The Minnesota Twins have been spending their way out of that small-budget image, mirroring the imminent increase in revenue from their new ballpark with a big spike in player salary commitments.
Lead owner Jim Pohlad said it's a sustainable development. So even if the Twins sign Joe Mauer to a mammoth contract extension, they're not afraid it would cost too much to keep a contending-caliber core of players around the American League MVP.
"I think Target Field puts us in better position to make sure that we have a competitive team from year to year," Pohlad said Monday. "Names will come and names will go, but overall the objective is always to have the best team on the field."
The Pohlad family has consistently followed a model of keeping the annual player payroll pegged to 50 percent of team revenue, though in rebuilding years it's fallen well below that. At the Metrodome, there wasn't as much money coming in. This year, though, the payroll will rise by roughly $30 million to a team record above $95 million.
"All new ballparks have their peaks, and I'm sure the initial years will be very good to the Twins," Pohlad said. "Then it'll be up to us to sustain it after that, but the ballpark itself I think can sustain it for a long time."
In a question-and-answer session with reporters in a conference room overlooking a snow-covered Target Field, Pohlad dismissed the notion that the team has been trying to disprove a tightfisted reputation.
"We're not trying to show people," he said. "We're trying to do what we said we're going to do."
Pohlad declined to discuss specifics about negotiations with Mauer on a new deal, citing a pledge to the catcher and his agent to keep the details private. He said he's "absolutely not active at all" in the process, but reiterated the team's desire to keep the homegrown star around for good.
Pohlad said the Twins aren't interested in the possibility of deferred compensation as a way to make a rich long-term contract like Mauer's work.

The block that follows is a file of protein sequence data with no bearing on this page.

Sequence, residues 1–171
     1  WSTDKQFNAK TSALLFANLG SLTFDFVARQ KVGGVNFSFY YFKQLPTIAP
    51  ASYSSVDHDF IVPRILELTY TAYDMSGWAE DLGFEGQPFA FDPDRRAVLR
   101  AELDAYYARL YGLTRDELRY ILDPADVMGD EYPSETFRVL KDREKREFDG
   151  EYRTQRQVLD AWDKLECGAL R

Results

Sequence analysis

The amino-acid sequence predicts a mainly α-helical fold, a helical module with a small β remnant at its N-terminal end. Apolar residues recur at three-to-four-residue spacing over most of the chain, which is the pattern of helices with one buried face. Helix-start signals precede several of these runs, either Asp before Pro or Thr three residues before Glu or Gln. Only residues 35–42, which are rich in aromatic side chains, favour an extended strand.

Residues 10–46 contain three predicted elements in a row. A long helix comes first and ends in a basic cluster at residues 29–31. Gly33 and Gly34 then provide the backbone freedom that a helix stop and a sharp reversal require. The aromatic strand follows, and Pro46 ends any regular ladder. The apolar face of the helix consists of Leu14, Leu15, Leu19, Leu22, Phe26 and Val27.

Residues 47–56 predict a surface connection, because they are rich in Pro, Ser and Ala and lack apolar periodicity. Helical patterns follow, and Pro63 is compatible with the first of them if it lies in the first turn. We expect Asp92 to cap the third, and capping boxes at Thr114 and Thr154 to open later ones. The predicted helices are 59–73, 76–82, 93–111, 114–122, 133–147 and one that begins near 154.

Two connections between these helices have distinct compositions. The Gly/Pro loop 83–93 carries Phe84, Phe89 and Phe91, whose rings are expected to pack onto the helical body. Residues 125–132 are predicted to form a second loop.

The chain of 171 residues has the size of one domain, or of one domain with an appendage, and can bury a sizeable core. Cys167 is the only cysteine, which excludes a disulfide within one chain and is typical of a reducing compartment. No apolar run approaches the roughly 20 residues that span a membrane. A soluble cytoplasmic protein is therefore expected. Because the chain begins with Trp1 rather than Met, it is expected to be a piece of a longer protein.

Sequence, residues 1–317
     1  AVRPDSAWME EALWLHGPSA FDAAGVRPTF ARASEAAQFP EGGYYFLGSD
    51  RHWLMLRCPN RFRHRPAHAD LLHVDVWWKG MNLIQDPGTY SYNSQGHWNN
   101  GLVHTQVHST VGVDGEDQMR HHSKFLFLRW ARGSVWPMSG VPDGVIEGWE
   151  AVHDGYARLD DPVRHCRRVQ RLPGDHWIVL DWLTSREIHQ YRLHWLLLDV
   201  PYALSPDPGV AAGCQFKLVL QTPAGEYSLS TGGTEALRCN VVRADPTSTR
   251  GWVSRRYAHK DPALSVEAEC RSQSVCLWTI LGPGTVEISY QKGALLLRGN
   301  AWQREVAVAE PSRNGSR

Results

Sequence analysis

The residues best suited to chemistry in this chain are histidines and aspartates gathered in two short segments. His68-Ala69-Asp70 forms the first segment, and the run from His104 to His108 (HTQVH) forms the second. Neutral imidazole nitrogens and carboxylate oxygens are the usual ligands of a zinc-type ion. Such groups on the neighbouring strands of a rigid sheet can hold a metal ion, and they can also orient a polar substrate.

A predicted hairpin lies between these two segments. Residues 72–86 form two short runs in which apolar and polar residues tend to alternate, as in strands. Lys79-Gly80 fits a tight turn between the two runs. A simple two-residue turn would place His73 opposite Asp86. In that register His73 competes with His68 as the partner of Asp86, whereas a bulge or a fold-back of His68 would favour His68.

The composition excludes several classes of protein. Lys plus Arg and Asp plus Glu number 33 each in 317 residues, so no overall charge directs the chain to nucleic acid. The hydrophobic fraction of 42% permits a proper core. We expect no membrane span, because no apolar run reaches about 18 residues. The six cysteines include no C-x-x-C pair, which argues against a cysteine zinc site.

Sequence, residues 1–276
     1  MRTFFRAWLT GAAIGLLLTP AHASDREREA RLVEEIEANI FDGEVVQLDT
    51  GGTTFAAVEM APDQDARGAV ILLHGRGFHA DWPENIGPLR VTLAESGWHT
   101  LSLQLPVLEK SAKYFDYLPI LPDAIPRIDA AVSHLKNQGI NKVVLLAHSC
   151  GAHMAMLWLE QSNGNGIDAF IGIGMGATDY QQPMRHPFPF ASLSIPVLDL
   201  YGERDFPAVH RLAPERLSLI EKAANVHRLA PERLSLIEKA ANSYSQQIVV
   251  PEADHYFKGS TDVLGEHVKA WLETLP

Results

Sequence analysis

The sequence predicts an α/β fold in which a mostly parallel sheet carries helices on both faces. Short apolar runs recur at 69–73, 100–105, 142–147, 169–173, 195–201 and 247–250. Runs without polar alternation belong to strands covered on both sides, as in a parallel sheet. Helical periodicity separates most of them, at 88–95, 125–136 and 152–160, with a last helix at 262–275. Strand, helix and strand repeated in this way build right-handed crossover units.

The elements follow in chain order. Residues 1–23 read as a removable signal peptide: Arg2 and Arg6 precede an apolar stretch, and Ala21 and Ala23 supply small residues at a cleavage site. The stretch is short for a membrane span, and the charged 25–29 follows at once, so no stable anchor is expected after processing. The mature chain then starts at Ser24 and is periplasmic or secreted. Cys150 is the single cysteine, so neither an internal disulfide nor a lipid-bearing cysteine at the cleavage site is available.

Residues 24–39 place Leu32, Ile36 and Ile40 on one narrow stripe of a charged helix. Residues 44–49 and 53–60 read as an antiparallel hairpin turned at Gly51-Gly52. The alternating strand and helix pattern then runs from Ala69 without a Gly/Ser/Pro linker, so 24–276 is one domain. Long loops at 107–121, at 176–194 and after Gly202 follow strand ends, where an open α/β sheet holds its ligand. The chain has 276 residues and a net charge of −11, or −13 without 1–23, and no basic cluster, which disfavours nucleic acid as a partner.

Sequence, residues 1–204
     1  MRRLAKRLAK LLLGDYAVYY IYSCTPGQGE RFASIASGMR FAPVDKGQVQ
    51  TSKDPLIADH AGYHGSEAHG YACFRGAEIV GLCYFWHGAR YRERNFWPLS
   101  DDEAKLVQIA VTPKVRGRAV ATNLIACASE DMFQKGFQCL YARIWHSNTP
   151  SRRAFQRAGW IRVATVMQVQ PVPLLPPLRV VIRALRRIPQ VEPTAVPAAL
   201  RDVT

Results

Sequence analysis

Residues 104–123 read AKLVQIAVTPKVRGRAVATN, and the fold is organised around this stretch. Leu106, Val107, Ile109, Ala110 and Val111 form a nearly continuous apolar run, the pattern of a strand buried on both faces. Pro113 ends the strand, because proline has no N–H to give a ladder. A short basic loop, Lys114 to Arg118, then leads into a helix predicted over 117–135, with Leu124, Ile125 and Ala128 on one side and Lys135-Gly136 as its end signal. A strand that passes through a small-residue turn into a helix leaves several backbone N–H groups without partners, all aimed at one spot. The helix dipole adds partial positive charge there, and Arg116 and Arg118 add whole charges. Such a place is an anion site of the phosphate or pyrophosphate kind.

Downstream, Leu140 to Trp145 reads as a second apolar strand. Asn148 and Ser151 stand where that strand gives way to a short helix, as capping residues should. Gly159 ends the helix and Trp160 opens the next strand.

"They make you feel real good at the time, and then later on you wish you hadn't done that," Pohlad said.
He also indicated an openness to signing Mauer for nine or 10 years, if that's what it would take. First baseman Justin Morneau's six-year contract signed two years ago is the current Twins record.
"I don't think six is a magic number," Pohlad said, adding: "Total value is what drives it. We do not have a term policy."
Since last August, the Twins have added multimillion-dollar players in Orlando Hudson, Jim Thome, J.J. Hardy, Carl Pavano and Jon Rauch. Fans, though, should not expect a spree like that every year.
"We're not going to spend the money just to spend the money," Pohlad said, adding: "We're going to try to put the best team on the field in the most prudent financial way, and I think we accomplished that this year."
Asked about general manager Bill Smith's praise last year for the ownership's approval of the late-season acquisitions, Pohlad quipped: "I think it was time for his review."
Pohlad also reiterated the family's philosophy of trusting the front office to take care of the roster and not meddling or micromanaging in the day-to-day operations of the organization. The family has a small empire of business interests, and the Twins take up between 20 percent and 30 percent of Pohlad's time.
They're fired up about this year's team, though, as they always are.
"We may be characterized as a relatively disengaged ownership group, but we do care about winning and losing," Pohlad said. "There may be one or two down years, but even during those years we're going to care and we're going to want to do better. I've said this a million times and my brothers are the same. We're fans."
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